Can you hike in sweatpants? It’s a common enough question amongst those of us who are just getting started with walks in the wild and may not want to shell out for a whole new wardrobe. We’ve previously written about wearing gym clothes for hiking and they have some definite advantages – they’re built for exercise, stretchy, comfortable. Hiking clothing, and in particular hiking pants, tends to be more technical and activity-specific, but might be less comfortable and more expensive.
I don’t know about you, but a lot of my teenage and twenty something hikes were done in sweatpants. I already owned them, they were comfortable and I really didn’t know otherwise. I always came out of those hikes alive, so I’m not here to tell you that you can’t hike in sweatpants. But is it a good idea?
Now that I do own lots of high-performing hiking pants, I can attest to their benefits, but for some hikes, a pair of sweatpants might not be the worst choice in the world. Read on for the pros and cons of hiking in sweatpants to learn when it’s a good idea, and when it might be time for an upgrade.
Hiking in sweatpants: the pros
Obviously we’re big proponents of dressing for the weather, and that tends to mean that we advocate for more technical gear. However, in the interests of balance, there are some arguments for hiking in sweatpants, which we’ve outlined below.
Let’s face it, the main reason you probably want to hike in sweatpants is that they’re super comfy. When you’re hiking up steep slopes, the thought of stiff hiking pants catching around your crotch and knees may be more than you can bear, but a pair of stretchy, loose sweatpants give you loads of room to move in all directions.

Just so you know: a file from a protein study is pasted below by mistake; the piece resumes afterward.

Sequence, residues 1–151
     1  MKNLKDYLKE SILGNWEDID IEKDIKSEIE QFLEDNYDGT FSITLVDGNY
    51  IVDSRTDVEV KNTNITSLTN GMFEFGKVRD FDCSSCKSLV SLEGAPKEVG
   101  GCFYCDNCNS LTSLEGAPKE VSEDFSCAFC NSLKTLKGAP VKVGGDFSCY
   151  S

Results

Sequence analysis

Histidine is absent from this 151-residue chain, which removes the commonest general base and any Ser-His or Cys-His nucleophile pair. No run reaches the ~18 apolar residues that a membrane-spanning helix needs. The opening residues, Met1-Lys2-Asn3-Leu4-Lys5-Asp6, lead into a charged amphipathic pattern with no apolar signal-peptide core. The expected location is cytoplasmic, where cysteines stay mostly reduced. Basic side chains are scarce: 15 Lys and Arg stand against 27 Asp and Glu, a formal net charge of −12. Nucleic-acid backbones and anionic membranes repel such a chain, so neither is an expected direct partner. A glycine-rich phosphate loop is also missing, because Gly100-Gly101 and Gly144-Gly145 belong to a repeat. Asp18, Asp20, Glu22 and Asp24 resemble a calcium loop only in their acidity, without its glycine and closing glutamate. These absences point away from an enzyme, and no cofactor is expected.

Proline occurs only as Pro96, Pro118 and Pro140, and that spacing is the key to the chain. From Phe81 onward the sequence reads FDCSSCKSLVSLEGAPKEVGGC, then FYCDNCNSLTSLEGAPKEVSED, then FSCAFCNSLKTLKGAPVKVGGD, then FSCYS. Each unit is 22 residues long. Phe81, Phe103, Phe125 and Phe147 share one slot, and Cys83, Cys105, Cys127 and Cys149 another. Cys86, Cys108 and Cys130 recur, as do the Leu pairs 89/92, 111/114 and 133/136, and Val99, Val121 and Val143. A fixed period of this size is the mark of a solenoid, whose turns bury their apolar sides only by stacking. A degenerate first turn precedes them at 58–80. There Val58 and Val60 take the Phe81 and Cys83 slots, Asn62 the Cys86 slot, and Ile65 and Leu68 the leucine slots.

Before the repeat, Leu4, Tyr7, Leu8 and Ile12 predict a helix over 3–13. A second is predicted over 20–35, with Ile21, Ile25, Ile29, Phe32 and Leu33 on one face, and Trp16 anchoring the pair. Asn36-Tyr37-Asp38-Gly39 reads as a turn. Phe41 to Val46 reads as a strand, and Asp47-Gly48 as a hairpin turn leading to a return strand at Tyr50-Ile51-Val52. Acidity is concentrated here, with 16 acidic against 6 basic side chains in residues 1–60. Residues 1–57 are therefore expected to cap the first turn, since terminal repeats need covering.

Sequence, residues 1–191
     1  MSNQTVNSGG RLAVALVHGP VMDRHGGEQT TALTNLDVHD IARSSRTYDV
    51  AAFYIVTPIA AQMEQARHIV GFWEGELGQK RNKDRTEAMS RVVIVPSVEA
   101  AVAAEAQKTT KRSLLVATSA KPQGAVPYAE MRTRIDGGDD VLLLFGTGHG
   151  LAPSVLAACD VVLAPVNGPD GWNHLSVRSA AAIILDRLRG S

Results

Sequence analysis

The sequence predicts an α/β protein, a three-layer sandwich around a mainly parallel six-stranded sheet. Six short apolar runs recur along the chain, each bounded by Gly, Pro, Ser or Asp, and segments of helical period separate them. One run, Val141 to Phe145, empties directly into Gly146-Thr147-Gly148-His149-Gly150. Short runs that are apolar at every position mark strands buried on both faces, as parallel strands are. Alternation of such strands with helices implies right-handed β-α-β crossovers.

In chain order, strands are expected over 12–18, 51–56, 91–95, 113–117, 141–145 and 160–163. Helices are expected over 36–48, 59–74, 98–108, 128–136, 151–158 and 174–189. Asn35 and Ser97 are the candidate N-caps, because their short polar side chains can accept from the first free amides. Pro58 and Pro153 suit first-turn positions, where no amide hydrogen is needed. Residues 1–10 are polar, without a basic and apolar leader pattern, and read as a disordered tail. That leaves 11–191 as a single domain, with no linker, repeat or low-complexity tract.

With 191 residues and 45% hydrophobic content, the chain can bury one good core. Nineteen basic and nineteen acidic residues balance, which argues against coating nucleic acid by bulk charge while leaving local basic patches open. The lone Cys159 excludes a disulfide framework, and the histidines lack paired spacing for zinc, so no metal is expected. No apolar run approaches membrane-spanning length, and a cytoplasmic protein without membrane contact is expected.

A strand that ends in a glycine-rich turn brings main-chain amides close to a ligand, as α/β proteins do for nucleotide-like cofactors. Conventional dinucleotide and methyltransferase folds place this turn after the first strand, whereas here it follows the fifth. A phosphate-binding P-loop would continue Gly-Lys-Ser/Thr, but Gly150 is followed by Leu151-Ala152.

Loose fit for layering
The loose fit of sweatpants not only adds comfort, it allows room for layering them over thermal underwear, which helps to keep you warmer on cold days.
Unless your hiking pants have ankle zips, they may not be really easy to roll up if you need to access your lower leg to remove a tick or apply a Band Aid, want to cross a stream without getting your pants wet or are just feeling hot. The design of sweatpants mean they’re easy to roll up, making them more versatile.
Except for designer models, loved by billionaires to make them seem like they really don’t care how wealthy they are, sweatpants are probably going to be cheaper than a pair of good hiking pants. Making matters even cheaper, you probably already own a pair or three, which is why you’re wondering if you can go hiking in them.
Cons of hiking in sweatpants
If sweatpants were ideal for hiking, then presumably hiking pants wouldn’t exist. There are some good arguments for not wearing sweatpants for hiking, which we’ve outlined below.
Lack of protection
If you’re hiking on more rugged trails – let’s say it’s steep and rocky or slick and you might take a tumble, or it’s overgrown with thorny bushes – most sweatpants won’t offer much in the way of protection. A really thick pair of cotton sweatpants might hold back some prickly vegetation, but they have other issues which we’ll get to. If you’re looking at tough terrain, you want rugged pants like the Fjallraven Keb Curved Trousers, which use a tough polyester/cotton blend, offer better protection.